It has been announced that Oculus VR as bought The Eye Tribe, a company known for its eye tracking hardware and software technologies, earlier in December. Facebook’s VR division does not say how it plans to use the acquired company, but the two primary reasons for the takeover could be The Eye Tribe’s gaze tracking IP along with the company’s experience with foveated rendering. Theoretically, the buyout may indicate that foveated rendering could become an important feature of the upcoming VR platforms.
The Eye Tribe was established in 2011 with the aim to develop software and hardware technologies for eye tracking. By 2013, the company introduced its eye-tracking device for PCs and tablets that cost only $99 along with an SDK to develop software for the product. The company actually started shipping the units to developers in 2014, but the devices have never been integrated into actual tablets or computers shipped to end-users. Eventually, the company designed eye tracking technologies for smartphones and earlier this year demonstrated an eye tracking tech for VR headsets.
Eye tracking itself could enable a more intuitive control for virtual reality interactions when combined with gestures, voice and other methods. However, this might not be the only reason why Oculus VR was interested in The Eye Tribe. Usage of gaze tracking also enables developers to use foveated rendering, which allows optimizing the use of GPU horsepower. The method is relatively simple on paper: each scene is rendered first in low resolution and with the least amount of polygons and then the specific part of the screen where the user is currently looking at is rendered in high resolution. Developers may play with such effects like depth of field, blur and antialiasing to further optimize performance and/or improve quality, but all of those tricks require gaze tracking.
The foveated rendering technique is already supported in Unity3D engine and is enabled by the Tobii EyeX tracking device. According to the developers, usage of the tech helped to improve performance of a laptop from 11 FPS to 42 FPS. Microsoft and NVIDIA are also researching foveated rendering and the latter has even come up with new ideas on the matter. The company says that foveated rendering per se is not a panacea for VR (at the end of the day, you can improve performance of any platform by using foveated rendering with gaze tracking) because rendering in lower resolution for peripheral vision results in flickering if the foveation is too aggressive, meanwhile blur itself reduces contrast and introduces a sense of tunnel vision. NVIDIA has a number of suggestions how to minimize negative effects of foveated rendering (e.g., by introducing contrast preservation), but currently this is a research project.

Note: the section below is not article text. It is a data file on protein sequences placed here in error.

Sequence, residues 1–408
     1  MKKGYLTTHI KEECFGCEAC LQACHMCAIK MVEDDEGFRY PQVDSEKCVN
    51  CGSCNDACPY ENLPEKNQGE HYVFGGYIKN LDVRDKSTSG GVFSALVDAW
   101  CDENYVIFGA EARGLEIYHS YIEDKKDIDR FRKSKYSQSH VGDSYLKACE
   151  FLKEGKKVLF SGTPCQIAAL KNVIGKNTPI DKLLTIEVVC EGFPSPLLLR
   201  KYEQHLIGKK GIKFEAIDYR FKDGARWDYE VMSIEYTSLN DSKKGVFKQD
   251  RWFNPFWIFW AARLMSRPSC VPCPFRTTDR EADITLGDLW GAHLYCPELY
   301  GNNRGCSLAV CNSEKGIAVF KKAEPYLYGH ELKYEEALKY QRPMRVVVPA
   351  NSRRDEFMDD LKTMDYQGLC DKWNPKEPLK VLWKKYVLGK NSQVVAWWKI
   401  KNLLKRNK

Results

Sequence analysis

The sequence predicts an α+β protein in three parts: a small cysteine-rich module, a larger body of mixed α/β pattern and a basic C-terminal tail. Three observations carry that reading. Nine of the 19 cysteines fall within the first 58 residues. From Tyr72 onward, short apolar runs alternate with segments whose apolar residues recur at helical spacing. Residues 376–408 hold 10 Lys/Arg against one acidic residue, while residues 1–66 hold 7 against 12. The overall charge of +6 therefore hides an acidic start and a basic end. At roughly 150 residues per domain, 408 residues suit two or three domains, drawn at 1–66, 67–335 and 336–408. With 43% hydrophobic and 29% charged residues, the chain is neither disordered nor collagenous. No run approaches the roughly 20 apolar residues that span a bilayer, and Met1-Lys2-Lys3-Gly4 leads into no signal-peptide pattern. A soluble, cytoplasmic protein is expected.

For VR applications, foveated rendering makes sense, especially if we are dealing with a headset based on a smartphone that has a limited amount of GPU horsepower. To enable it, Oculus VR needed gaze tracking IP and a team that understands how things work here. This does not mean that foveated rendering will be a part of Oculus VR’s next-gen VR headset because its current form requires some additional work. However, with eye tracking IP and appropriate team, Oculus VR could implement the technology in the future.
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